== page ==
Have you found comfort or a silver lining in being in the Broken Hearts Club?

Yes, yes! I have a newfound respect for all the homies who have been there (laughs). I don’t know about you, but when I was going through it, I had so many homies pat me on the back in spirit like, “I know bro, I know. You’re gonna get through this. I’ve been there.” Yeah, I got a newfound respect for all of those homies man, for sure.

In a past interview, you said that continuing the process of making this album after the heartbreak was hard because the music you were making at that time was so bitter. Now that it’s done, what would credit towards making this album in the way you wanted to, despite all the emotions you had?

This book The Power Of Now. It just taught me how to be present. What ended up happening was, I wrote a couple of songs, I thought I was going to take this heartbreak and channel it, and it just didn’t come out right. It sounded nasty and I was like, “Okay nah, I think I need to heal first.” So in order to do that, I read hella books, and the first one that I read was The Power Of Now, ironically, a suggestion from the girl who broke up with me. She read it right before she dumped me, so I was like, “What the f*ck did this book tell this b*tch? What was in here that made her leave my ass?? (laughs)” I read it and it really helped me to be present, to not run away from the feelings, but to actually go into it headfirst so that I know I’ve dealt with it, that I’ve released it, and that I’m not bottling nothing. I don’t want nothing popping up on me a year from now, you know, leftover pain and grief. So between that book, a good therapist, and space and time that the pandemic kind of allowed us.

What would you call this chapter of your career?

I have no idea and it’s really scary. It’s almost like a crossroads. It feels like it could go either way right now. One thing that I have to remind myself is that you can always start again because I’ve seen it, but when you’re being present, it’s hard to think like that. Sometimes, you can’t help but think like, “Damn, what if this is it for you girl? What if this is album is whatever to people and I don’t get another chance?” Thankfully, I’ve really gotten better at seeking validation from within. I’ve always been confident, but I haven’t always been sure of myself and now I feel very sure of myself and that’s a game-changer. Now, no one can tell me who I am and nobody could say, “Just trust me, just trust me. You’re gonna look great.” N****, I’m 30. You’re not about to tell me how I’m gonna look! You not bout to tell me that imma like this more than anything else I’ve ever been in. I fell for the okey-doke before. I’m just happy that when you Google me, new pictures pop up because boy… those first 5-10 years of my career? I wasn’t sure enough of myself to say “no.” Now I am, now I’m grown. I’m 30, can’t tell me bout me (laughs). And that feels really good.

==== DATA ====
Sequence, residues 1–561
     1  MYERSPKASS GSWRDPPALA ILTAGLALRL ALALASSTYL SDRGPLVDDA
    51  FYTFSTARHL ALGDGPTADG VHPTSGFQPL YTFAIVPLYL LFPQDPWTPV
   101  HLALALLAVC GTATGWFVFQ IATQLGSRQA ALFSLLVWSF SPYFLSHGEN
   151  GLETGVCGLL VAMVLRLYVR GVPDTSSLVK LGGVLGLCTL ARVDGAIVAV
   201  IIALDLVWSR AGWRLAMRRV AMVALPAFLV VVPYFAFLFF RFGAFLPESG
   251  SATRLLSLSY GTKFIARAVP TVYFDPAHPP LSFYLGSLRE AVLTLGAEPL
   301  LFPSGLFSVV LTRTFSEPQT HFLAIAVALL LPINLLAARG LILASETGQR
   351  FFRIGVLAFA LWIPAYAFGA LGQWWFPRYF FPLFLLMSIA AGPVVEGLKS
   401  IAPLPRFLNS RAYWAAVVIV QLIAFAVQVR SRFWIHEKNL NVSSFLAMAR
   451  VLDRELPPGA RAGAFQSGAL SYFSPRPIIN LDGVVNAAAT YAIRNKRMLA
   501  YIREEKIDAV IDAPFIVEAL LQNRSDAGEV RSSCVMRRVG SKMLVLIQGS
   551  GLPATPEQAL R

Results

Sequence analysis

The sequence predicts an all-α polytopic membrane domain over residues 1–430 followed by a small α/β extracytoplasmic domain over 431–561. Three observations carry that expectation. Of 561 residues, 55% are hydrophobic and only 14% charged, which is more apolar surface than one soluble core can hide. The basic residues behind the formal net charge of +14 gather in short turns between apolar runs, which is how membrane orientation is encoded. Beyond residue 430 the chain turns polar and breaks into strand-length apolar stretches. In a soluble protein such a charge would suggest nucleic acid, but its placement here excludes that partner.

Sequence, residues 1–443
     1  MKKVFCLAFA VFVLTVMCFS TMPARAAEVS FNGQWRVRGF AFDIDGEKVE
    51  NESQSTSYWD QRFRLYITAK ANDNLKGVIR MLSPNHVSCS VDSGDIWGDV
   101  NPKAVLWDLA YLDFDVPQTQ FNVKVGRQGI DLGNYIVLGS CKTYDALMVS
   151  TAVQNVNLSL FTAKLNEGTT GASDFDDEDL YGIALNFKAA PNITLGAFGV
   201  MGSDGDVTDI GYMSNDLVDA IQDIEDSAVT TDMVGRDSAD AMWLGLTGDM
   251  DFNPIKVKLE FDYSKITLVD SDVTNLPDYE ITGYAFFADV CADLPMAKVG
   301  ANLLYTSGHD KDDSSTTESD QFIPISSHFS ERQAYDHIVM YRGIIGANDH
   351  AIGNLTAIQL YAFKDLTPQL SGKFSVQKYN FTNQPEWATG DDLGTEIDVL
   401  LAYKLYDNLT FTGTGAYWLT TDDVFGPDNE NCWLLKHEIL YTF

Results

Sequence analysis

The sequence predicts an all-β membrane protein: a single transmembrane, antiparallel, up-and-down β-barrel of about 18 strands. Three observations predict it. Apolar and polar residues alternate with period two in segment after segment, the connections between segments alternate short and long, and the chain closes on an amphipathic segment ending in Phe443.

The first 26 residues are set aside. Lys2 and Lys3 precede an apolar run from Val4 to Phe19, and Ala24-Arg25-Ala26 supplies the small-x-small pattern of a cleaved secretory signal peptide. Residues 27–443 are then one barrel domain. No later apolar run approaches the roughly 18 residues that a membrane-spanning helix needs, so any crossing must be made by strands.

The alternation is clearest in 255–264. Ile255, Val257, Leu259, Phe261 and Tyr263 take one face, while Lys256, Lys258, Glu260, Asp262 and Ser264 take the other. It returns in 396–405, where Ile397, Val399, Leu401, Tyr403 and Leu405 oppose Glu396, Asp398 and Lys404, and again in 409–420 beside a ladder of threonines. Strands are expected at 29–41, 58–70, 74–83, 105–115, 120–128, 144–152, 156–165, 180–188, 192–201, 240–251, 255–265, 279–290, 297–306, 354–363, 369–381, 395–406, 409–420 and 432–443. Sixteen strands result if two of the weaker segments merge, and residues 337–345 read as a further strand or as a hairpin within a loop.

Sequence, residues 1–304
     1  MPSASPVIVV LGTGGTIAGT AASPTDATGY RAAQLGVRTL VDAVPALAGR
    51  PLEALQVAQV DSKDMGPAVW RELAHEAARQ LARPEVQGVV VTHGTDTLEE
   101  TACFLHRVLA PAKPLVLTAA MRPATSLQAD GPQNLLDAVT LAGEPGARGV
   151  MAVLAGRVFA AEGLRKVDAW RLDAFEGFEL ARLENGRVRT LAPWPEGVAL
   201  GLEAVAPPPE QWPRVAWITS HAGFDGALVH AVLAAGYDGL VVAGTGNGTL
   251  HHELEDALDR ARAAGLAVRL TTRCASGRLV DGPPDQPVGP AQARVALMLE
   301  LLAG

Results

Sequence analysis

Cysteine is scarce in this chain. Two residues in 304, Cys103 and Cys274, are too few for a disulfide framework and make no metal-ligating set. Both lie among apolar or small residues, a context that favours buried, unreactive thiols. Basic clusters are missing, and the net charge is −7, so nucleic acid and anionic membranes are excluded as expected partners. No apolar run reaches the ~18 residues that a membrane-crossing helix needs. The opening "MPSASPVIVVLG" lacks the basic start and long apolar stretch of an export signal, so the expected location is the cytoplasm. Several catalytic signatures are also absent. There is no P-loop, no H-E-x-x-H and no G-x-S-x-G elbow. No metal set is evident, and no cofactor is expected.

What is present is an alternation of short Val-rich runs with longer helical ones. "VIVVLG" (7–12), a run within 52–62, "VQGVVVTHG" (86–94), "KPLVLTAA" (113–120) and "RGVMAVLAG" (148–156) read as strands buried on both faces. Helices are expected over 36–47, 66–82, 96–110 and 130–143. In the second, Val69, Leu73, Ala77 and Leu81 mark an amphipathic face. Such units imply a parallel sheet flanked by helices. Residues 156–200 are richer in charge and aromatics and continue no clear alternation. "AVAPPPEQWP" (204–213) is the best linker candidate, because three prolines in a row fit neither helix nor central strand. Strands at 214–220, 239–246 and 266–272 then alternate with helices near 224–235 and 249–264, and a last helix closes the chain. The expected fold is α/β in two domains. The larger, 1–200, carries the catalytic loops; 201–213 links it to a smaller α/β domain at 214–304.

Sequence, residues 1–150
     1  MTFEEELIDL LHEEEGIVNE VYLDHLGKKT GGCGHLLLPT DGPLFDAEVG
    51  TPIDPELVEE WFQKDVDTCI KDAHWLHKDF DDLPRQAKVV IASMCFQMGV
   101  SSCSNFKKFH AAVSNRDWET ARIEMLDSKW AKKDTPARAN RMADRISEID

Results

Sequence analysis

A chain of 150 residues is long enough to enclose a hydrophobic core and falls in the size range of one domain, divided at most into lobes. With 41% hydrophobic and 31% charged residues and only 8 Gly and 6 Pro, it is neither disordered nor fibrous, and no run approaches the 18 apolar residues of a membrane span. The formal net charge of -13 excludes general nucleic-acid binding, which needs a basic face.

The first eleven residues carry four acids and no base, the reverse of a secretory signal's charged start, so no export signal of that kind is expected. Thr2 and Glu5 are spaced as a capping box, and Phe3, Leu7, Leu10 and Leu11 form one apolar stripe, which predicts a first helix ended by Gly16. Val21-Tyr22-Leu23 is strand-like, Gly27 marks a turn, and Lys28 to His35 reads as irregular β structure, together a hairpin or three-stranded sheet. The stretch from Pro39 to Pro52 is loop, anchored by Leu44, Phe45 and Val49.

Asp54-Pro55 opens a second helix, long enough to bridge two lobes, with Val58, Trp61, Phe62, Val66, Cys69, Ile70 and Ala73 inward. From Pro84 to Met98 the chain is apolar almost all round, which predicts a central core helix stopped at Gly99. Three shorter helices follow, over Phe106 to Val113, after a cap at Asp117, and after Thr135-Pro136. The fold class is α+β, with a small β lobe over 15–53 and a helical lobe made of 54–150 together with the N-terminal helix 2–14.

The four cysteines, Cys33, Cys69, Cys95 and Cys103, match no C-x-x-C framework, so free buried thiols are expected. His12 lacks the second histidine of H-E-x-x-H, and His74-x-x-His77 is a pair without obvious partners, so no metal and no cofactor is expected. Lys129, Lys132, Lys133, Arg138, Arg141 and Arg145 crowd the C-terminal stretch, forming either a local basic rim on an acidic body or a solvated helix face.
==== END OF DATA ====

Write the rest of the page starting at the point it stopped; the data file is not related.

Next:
Now that your solo project is done, is a return to music with The Internet in order?

I think we’ll be doing another Internet album before I do another solo project. Initially, in September, when me and Matt were talking about what we wanted to discuss [on the project], it was a little more about what was happening in the world, like this Internet perspective of the world right now and everybody going crazy. But when we talked about it at Smokin Grooves, he was like, “You know what? Let’s just have fun on this next record. If we want to talk about something serious, let’s have fun with it. Let’s just go back to some good times” So I think on the next one, I’ll probably be talking about all my trucks a lot (laughs), probably getting on people’s nerves.

Broken Hearts Club is out now via Columbia Records. You can stream it here.